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Journal heironymouscoward's Journal: Futurewars 7

Some wars of the future...

1. Microsoft vs. Free Software

Microsoft using patents to try to send free software developers to jail. Use and distribution of "unlicensed" source code becomes a felony. Software producers gain the right to inspect systems for unlicensed software. Outcome 1: free software becomes a historical curiosity, something that "might have become something" but could not survive in the face of a serious onslaught from vested interests. Outcome 2: vested interests realize that they have more to gain by allowing free software developers to do the hard work, and the patent issue becomes a historical footnote.

2. The Fanatics

Silently, a small group of fanatics is building a global network of hundreds of millions of computers. These computers run their software, do their bidding, but are doing so unknown to their nominal owners. The fanatics have tested a series of techniques, starting with large scale proof-of-concept DDoS attacks on popular web sites in 2001. They concentrate now on expanding their domain of control, only stopping now and then to launch 5000, 10000 computers against the small amateur web sites that try to fight them. Via worms, viruses, and spyware, they have a simple mission: control more than 50% of the Windows Internet, and then sell this capacity to the highest bidder. Want to bring down your business rival? That can be done. Want to incapacitate a foreign country? It can be done. Want to spy on your citizens? Possible, and easy. The fanatics have been infiltrated by the agents of state authority but the sheer power of the network they are building seduces and corrupts so that these infiltrators are themselves now among the most fanatical. One might say that there is a war going on between the fanatics and the general public. But the real war is between the original fanatics, and splinter groups, who find the agenda too slow, too pedantic. "Strike now", they cry, "show the world our power!" The young radical fanatics have started to piggy-back the original network with their own infectious software. Another splinter group has already sold its services to a wealthy sponsor, who plans to launch what can only be described as a terrorist agenda, bringing down large parts of the Internet simply to draw attention to his political cause. The original fanatics are aware of the competition and adapt their software daily, finding ways to detect and kill parasites that don't belong to them. This is war between three, perhaps even more groups, for control of the Internet at a level that few people even realizes exists.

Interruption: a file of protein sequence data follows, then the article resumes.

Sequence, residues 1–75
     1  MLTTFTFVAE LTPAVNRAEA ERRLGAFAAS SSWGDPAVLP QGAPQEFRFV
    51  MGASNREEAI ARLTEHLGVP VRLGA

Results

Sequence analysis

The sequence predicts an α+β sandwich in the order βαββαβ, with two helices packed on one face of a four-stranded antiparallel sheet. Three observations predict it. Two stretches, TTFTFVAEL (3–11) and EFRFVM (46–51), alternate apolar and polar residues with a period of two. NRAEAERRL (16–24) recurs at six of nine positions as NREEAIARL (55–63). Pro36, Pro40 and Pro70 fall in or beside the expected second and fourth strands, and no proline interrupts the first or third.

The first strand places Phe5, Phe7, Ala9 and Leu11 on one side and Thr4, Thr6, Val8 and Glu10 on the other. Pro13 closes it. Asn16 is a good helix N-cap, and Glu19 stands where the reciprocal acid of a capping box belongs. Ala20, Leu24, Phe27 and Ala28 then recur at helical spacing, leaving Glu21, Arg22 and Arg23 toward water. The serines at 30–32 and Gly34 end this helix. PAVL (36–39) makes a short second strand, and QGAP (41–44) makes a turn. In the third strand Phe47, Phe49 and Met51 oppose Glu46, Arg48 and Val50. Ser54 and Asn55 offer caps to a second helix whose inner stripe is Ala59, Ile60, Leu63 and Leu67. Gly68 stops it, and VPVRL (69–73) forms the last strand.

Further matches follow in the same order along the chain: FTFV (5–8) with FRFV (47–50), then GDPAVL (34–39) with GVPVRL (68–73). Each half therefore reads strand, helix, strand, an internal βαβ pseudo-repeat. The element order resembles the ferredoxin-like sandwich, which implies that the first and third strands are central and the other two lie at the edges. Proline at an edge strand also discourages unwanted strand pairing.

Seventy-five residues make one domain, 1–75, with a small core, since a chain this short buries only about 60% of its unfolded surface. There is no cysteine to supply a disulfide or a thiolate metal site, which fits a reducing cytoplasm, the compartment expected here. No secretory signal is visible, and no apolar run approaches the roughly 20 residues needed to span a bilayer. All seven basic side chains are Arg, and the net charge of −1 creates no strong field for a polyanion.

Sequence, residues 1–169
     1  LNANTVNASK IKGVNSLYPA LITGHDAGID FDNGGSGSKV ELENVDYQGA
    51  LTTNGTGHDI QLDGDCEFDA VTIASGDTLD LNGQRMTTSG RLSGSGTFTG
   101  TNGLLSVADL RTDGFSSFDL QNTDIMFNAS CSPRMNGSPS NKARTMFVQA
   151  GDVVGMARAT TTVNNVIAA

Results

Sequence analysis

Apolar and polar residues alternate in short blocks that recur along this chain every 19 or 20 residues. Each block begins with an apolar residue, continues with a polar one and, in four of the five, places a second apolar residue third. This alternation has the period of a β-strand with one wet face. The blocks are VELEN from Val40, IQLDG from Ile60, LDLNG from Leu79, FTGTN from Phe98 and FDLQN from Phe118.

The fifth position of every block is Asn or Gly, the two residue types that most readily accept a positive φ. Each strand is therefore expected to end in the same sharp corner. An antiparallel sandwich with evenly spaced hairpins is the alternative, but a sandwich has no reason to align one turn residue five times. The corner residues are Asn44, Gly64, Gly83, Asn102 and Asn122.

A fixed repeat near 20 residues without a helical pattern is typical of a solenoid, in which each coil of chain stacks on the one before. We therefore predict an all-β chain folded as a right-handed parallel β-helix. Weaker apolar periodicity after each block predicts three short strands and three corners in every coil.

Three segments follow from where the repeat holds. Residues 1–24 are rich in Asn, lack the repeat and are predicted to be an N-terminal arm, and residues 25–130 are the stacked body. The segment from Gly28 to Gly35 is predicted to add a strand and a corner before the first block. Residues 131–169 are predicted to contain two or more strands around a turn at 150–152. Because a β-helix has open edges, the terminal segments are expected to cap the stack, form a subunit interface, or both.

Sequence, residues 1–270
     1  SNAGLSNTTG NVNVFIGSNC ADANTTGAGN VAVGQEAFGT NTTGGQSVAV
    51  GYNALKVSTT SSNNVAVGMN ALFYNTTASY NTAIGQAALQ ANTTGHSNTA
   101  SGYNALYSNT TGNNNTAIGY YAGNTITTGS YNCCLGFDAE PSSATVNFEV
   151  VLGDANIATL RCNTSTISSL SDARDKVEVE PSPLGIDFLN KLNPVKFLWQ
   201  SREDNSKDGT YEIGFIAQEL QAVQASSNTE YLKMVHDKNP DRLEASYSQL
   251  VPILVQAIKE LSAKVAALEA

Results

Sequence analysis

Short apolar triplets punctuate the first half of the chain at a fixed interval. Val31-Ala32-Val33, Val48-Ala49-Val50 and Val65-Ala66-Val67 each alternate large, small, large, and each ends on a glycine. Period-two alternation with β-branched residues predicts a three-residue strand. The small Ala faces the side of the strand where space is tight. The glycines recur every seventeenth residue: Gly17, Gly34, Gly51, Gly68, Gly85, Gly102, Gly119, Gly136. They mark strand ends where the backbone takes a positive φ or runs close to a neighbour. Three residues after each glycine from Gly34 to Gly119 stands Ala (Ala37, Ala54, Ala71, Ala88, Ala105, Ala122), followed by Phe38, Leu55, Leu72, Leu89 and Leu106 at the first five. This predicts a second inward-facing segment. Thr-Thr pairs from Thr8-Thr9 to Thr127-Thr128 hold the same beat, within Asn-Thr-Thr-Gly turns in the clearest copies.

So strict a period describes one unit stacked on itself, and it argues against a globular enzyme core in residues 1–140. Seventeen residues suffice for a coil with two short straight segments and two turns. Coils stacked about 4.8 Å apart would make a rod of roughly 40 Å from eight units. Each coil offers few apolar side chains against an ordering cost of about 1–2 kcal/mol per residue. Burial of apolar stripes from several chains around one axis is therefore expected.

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  • #2 sounds like the script for a new austin powers/james bond movie :)
    "Sure, i'll take out your competition.... for a hundred BEEEEELLIION dollars!"
    • Sadly (either for myself, or for the Internet) I don't think it's fiction.

      It would be quite interesting to map the DDoS attacks that have been documented over the last four years and try to postulate the structure and agenda of the interest groups behind them. For example: there have been large-scale attacks against by unknown groups: fought the CoolWebSearch spyware. How many PCs does CWS control? Are they being used for any other activities than just forcing the user to view the
      • oh, i dont doubt that its not fiction!

        even the stuff that Gibson wrote up on his website is somewhat interesting stuff, along with all the arguments for and none (that I know of) against blocking invalid IP's from leaving ISP's subnets.

        and then you have gangs running extortion rackets out of online bookies when big events are coming up..

        i'd love to know more about the people controlling these "botnets" - are they really who we think, sad, lonely and angry teens with a "point" to prove, or really
        • I'd love to know more about the people controlling these "botnets"

          Steve Gibson has some interesting stories to tell.

          It may simply be that botnets are ad-hoc things put together by idle hands in spare moments.

          It seems however that there is a commercial interest involved, at least with spyware and DDoS attacks on anti-spyware sites, spam and anti-spam sites, etc. That would make the people involved "professionals".
  • damn it, heironymouscoward, given the success rate of your previous predictions, we may as well tell eveyone with windows computers to either learn linux now, or, given (a) above, sell them to other suckers they have no compassion for.
    can you quit scaring me and predict some good stuff?
    • Predict some good stuff? OK. Why not...

      History will record the last decade as having been the Internet's First Wave. The First Wave was about bringing mass communications to all rich consumers worldwide.

      The Second Wave will not come from the US or Europe but from China and India and will be essentially about bringing mass communications to all poor consumers worldwide.

      Some of the key elements in this second wave: open source software; ultra-lowcost computers (around $25) with TV-out; packet-radio "dia
  • In order for free software to ever be a threat to microsoft it has to have some appeal outside of geek circles - it's all about ease of use. The problem, of course, is that a true geek (and all the Linux developers are) is never satisfied to, say, plug in a USB printer and just have it work. That's no fun.

    Chris somebody neatly summed it up in a parody ad [] which I'm surprised more slashdotters haven't heard of.

    And yes [], I have read _your_ journal.

System checkpoint complete.